We truly can't think of a better way to spend a long weekend than camping at one of Canada's beautiful national parks – fresh air and nature views are the best escape from that 9-to-5 grind. Join us as we count down the parks that are especially extraordinary: 


Bruce Peninsula National Park, Tobermory, Ontario

Bruce Peninsula National ParkCredit: Flickr / ebt47563

With dramatic cliffs and turquoise waters of Georgian Bay, there's plenty to explore at Bruce Peninsula. Check-out the Grotto, a limestone cave with crystal clear water, and Indian Head Cove, a cliff-enclosed beach and Singing Sands Beach on Lake Huron. The 782-km Bruce Trail, Canada’s oldest and longest footpath, runs through the entire park, offering incredible lookouts and views along the shoreline. 


Banff National Park, Banff, Alberta

Banff National ParkCredit: Pixabay / med-nunn

Opened in 1885, Banff is Canada’s oldest and most popular national park; in fact, it welcomes more than 300 million visitors a year. The incredible Rocky Mountain peaks and turquoise glacial lakes offers some of the world’s most breathtaking scenery. Enjoy hiking or biking this summer along the 1,600 kilometres of maintained trails.


Cape Breton Highlands National Park, Ingonish Beach, Nova Scotia

Cape Breton Highlands National ParksCredit: Flickr / Michel Rathwell

Hugging the world-famous Cabot Trail coastline, Cape Breton Park is known for its tundra-like landscape and forested river canyons that descend toward the shores of the Atlantic Ocean and the Gulf of St. Lawrence. Take a hike through the thick forest or on a coastal trail, where there are many coves for exploring. Swimming or fishing are also popular in the area.


Pacific Rim National Park Reserve, Vancouver Island, British Columbia

Pacific Rim National ParkCredit: Creative Commons / gmariusica

The Pacific Rim, steeped in Indigenous Nuu-chah-nulth culture, perfectly embodies rustic Canadian wilderness, with diverse landscapes from rainforests to coastal cliffs to soft-sand beaches. Visitors can try some of the country’s wildest surf at Long Beach, take a one-hour interpretive walk along the legendary West Coast Trail and enjoy a serene kayak ride through the countless inlets and secluded bays of the Broken Group Islands. 


Fundy National Park, Alma, New Brunswick

Funny National ParkCredit: Pixabay / Graham-H

The Bay of Fundy in Fundy Park is known for having the world’s highest tides - one of the world’s greatest natural wonders. Waters rise and fall each day, exposing the bare ocean floor. Plan to kayak as the waters rise up to 12 metres or walk the sea floor at low tide to discover the left behind treasures. There's also a lot to be explored inland, with hiking trails leading to beautiful, cascading waterfalls in the thick forest.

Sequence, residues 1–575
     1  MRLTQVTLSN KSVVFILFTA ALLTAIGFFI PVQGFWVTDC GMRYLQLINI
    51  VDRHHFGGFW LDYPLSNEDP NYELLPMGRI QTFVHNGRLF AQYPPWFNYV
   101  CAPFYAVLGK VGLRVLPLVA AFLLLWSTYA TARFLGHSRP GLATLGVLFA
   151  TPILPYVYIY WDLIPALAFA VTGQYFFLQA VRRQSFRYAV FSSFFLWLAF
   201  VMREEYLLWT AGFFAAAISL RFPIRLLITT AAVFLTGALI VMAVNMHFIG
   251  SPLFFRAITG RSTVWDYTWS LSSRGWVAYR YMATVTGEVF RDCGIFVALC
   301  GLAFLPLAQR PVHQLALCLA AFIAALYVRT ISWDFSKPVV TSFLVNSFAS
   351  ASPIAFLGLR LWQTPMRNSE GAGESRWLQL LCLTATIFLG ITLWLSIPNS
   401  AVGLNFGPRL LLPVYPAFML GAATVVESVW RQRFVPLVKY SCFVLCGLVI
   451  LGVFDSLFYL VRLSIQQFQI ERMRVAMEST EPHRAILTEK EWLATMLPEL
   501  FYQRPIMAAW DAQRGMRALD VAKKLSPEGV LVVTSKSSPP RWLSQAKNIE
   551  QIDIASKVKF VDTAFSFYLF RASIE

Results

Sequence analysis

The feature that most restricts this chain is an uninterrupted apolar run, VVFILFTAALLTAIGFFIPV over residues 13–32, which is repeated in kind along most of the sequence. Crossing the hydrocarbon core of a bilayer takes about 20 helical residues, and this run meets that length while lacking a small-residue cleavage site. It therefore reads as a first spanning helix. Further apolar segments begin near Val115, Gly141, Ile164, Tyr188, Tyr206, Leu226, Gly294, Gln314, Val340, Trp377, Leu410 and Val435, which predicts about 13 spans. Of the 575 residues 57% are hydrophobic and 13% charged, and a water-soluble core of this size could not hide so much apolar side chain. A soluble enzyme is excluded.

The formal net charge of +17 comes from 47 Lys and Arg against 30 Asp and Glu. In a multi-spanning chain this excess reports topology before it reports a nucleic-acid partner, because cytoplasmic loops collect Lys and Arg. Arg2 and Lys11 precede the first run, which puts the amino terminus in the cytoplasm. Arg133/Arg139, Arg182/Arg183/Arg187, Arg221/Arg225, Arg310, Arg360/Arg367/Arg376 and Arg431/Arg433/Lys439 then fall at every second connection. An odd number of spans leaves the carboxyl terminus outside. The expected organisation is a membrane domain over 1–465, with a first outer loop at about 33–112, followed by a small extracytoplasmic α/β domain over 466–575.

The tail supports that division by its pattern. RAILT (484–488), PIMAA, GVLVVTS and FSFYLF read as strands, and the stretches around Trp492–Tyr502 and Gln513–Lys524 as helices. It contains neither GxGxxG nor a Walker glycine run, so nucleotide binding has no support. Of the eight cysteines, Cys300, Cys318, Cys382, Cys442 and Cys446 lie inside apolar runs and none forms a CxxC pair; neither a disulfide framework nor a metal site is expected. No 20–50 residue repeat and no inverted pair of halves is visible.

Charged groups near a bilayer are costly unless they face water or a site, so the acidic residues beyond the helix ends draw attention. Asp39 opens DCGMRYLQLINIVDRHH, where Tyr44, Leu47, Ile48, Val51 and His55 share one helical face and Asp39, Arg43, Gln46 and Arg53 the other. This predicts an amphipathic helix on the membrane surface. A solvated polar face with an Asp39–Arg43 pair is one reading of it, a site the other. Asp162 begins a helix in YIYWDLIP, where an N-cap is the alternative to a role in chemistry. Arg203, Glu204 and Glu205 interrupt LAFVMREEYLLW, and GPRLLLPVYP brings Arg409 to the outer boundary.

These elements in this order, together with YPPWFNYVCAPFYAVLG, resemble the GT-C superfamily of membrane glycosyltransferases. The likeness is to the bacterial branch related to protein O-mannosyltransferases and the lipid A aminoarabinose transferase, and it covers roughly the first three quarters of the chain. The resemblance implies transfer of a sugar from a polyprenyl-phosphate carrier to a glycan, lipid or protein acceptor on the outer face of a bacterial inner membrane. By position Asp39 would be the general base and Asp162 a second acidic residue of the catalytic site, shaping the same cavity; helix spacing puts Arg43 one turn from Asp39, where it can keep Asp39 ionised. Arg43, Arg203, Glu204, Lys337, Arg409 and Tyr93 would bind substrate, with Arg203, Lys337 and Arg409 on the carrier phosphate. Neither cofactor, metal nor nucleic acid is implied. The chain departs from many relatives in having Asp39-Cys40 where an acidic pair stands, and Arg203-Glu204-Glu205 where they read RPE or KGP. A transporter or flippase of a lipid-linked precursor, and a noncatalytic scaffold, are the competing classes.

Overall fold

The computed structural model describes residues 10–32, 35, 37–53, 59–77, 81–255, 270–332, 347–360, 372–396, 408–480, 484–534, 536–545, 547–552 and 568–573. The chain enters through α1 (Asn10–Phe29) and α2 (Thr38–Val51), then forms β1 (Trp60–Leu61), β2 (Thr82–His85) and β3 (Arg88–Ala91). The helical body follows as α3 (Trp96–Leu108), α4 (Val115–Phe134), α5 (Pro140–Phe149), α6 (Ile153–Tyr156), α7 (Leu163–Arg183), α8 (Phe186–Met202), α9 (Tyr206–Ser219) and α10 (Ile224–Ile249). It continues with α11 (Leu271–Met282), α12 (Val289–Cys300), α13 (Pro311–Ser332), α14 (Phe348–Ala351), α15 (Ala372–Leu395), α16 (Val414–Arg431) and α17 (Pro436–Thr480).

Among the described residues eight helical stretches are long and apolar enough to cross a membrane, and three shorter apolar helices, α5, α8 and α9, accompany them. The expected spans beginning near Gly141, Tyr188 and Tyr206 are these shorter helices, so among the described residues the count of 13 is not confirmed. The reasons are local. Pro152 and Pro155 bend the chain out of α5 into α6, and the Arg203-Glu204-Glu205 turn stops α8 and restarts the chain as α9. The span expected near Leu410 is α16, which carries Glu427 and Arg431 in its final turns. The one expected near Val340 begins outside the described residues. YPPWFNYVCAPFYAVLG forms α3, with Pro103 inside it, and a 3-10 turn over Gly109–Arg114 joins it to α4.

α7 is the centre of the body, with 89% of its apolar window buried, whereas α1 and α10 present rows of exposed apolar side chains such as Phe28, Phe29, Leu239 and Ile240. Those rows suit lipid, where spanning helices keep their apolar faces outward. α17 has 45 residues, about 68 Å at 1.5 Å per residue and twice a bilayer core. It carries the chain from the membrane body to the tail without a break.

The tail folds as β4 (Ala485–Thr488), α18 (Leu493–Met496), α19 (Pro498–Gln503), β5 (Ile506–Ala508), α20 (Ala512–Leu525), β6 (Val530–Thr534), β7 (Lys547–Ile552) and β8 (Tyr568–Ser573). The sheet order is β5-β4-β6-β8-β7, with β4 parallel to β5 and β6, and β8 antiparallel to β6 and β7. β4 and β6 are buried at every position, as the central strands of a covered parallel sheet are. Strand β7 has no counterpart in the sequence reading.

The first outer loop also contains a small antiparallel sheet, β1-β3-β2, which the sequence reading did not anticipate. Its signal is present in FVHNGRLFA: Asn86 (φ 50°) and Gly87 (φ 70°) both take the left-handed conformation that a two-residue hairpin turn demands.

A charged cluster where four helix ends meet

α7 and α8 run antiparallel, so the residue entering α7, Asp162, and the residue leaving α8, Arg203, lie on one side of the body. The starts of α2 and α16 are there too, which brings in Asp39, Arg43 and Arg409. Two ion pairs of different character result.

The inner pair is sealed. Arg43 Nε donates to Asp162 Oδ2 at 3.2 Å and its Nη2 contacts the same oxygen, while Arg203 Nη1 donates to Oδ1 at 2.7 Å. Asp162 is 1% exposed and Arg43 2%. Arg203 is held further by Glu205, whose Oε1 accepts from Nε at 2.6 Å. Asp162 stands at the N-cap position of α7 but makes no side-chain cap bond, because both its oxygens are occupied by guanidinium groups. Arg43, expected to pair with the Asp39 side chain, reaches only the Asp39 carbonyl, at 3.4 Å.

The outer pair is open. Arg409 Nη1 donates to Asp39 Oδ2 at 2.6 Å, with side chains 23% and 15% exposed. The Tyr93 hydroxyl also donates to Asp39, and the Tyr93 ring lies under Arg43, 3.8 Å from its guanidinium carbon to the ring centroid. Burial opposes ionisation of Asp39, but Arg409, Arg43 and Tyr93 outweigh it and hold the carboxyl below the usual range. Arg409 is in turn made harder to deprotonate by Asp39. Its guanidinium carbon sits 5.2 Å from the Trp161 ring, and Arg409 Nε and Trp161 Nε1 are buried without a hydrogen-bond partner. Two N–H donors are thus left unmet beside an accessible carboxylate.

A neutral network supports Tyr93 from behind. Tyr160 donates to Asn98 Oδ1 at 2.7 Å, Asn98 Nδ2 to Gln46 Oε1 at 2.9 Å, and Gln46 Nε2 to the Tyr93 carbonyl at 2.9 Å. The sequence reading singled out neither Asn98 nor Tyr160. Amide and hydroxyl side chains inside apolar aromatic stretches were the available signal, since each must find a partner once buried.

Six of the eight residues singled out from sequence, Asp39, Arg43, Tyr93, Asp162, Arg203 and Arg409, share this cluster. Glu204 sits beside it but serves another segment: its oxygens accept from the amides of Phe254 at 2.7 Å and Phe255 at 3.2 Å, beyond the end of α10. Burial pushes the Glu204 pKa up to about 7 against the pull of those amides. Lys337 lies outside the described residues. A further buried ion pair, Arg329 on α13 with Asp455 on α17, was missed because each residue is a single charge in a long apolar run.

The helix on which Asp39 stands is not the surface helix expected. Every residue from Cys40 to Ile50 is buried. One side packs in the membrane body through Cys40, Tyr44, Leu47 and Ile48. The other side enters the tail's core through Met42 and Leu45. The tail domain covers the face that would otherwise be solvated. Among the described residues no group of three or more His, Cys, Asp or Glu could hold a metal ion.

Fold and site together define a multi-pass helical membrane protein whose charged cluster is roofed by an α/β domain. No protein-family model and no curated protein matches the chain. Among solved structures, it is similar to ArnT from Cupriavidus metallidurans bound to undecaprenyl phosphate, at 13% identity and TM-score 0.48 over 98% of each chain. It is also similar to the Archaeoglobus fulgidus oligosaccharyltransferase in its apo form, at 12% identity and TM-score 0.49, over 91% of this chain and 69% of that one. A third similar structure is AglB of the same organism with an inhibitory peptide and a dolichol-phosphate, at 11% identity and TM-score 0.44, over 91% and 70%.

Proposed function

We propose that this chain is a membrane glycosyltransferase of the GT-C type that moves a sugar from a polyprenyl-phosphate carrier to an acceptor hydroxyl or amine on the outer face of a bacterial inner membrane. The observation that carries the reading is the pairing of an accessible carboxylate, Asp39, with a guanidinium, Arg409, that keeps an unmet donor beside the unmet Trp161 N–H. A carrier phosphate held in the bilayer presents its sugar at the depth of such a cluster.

Gros Morne National Park, Rocky Harbour, Newfoundland and Labrador

Gros MorneCredit: Barrett & MacKay Photo © / Newfoundland and Labrador Tourism

Gros Morne, boasting deep fjords, towering granite mountains, bogs, forests and barren cliffs, is recognized as a UNESCO World Heritage Site for its many natural wonders; it's also ranked as having some of the most diverse landscape in Canada. Take a guided hike, boat tour or drive along the billion-year-old terrain of the Tablelands, a rare expanse of the earth’s exposed crust.


Prince Edward Island National Park, Cavendish, Prince Edward Island

Prince Edward Island National ParkCredit: Flickr / Christopher Craig 

Prince Edward Island Park’s sandy beaches, rolling dunes, lush marshes and vibrant red cliffs provide the perfect backdrop for a relaxing family camping trip. There are endless activities to enjoy; bike along the 50 kilometres of seaside trails or get lost in a book on the beach or picnic near a lighthouse.


Nahanni National Park Reserve, Dehcho Region, Northwest Territories

Credit: Darren Roberts  / NWT Tourism

Encompassing 30,000 kilometres of vast and breathtaking land, Nahanni is another UNESCO World Heritage Site. The South Nahanni river flows through the steep canyons and the stunning granite peaks of The Cirque of the Unclimbables, before surging into the Virginia Falls (which has a drop twice the height of Niagara Falls). Visitors can take a river kayak trip through the challenging and wild waters – the perfect adventure for any adrenaline junkie. 


Similar content on CanadianTraveller.com: